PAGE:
How to be a Hollywood Roman
This entry was posted on August 31, 2016.
A warning from The Powers That Be: our editor just may have watched too many ‘ancient-themed’ movies and TV-shows recently. Rant mode on.
So, you wanna be a Roman like you’ve seen in the movies? You’ve come to the right place! I’ll be offering this guide here for anyone who wants to do more than just watch movies about the ancient world. What’s that I hear? You might also want to know what it takes to transform yourself into one of those ancient Greek guys? Well, no worries. With a few minor tweaks, you can make some subtle adjustments. If I’m totally honest here, this is basically a guide to turning yourself into generic movie-inspired ancient person.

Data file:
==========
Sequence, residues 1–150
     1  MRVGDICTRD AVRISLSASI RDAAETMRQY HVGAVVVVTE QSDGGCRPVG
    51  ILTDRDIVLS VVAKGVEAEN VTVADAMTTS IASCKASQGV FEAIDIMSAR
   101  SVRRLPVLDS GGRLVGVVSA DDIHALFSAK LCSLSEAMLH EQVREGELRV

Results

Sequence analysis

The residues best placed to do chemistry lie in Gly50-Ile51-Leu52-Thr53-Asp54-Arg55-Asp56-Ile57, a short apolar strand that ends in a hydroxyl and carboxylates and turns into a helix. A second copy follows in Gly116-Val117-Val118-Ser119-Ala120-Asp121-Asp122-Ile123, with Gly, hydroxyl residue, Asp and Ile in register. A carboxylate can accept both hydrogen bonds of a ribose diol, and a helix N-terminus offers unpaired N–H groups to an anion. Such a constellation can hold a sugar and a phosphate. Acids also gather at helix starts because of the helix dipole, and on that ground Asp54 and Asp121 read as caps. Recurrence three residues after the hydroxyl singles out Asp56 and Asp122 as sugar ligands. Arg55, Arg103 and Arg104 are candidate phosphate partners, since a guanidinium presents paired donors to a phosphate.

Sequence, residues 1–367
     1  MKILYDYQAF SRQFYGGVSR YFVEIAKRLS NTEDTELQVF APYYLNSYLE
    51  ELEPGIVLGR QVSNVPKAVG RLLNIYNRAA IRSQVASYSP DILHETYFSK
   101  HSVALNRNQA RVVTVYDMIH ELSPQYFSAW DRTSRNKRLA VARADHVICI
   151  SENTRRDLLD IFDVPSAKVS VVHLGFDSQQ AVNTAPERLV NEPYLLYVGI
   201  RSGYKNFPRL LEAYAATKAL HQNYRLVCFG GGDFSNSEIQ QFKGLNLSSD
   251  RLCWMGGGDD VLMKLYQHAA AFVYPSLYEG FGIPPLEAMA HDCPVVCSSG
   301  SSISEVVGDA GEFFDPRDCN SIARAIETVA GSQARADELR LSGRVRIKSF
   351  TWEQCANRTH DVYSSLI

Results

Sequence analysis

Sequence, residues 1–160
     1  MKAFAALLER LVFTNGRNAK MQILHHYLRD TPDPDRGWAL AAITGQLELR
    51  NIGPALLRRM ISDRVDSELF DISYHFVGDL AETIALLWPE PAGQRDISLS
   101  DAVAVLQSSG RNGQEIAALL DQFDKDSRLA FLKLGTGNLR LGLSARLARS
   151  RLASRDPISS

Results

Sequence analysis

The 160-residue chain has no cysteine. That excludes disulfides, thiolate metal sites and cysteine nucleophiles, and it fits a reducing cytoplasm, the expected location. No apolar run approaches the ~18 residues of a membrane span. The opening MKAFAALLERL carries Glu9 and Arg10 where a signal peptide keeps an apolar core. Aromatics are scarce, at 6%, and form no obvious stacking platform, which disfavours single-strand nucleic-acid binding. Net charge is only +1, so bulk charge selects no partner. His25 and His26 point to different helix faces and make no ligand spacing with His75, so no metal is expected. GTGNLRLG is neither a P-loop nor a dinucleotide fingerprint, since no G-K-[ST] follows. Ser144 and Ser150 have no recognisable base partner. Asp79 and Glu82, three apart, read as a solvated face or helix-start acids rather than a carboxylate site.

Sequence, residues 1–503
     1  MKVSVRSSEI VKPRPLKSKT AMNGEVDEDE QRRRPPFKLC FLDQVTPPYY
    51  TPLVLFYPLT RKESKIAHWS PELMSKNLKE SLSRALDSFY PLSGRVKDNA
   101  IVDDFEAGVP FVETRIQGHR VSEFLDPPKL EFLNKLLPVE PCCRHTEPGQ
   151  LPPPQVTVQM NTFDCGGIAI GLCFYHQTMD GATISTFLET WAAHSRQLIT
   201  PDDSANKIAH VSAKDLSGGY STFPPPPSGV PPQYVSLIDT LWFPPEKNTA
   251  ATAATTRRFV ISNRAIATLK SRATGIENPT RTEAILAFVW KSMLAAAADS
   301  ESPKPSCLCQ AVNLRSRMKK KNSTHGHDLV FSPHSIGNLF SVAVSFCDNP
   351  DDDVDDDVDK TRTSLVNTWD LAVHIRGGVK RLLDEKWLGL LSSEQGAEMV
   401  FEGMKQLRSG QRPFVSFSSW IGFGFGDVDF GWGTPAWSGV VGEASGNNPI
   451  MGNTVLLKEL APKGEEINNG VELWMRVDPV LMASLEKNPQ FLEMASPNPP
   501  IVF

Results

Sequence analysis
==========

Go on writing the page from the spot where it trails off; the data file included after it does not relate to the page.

Oh, sorry, did I write ‘person’? I meant ‘man’, of course. If you happen to be of the female pursuasion – or want to dress up like one – the rules are much simpler. Just get yourself some exotic-looking jewellery, like a gold band for your upper arm, do up your hair nice, and hoist yourself into one of those long, flowing dresses. You can probably cut a sheet to size. You get extra points – because why not? – if it’s some exotic colour, like purple. Yes, in real life purple wasn’t used by every Tom, Dick, and Harriet, but who cares? It’s not like facts should get in the way of turning yourself into a proper woman of the ancient world.
Put on some pants
But since the ancient world was clearly dominated by men – the visual evidence created by Hollywood speaks for itself! – I’ll be spending the rest of this blog post to explain how to make yourself look and behave like one of those blokes you’ve seen in Gladiator or Ben-Hur, or on Starz’s Spartacus or HBO’s Rome or pretty much anything else that’s getting released on the small or big screen and is set in ancient Rome. There’s a lot of those around and it’s perfect! ‘Research’ doesn’t require reading any stuffy old books – just plonk yourself on the couch, head to Netflix, and Bobbius Maximus’s your uncle.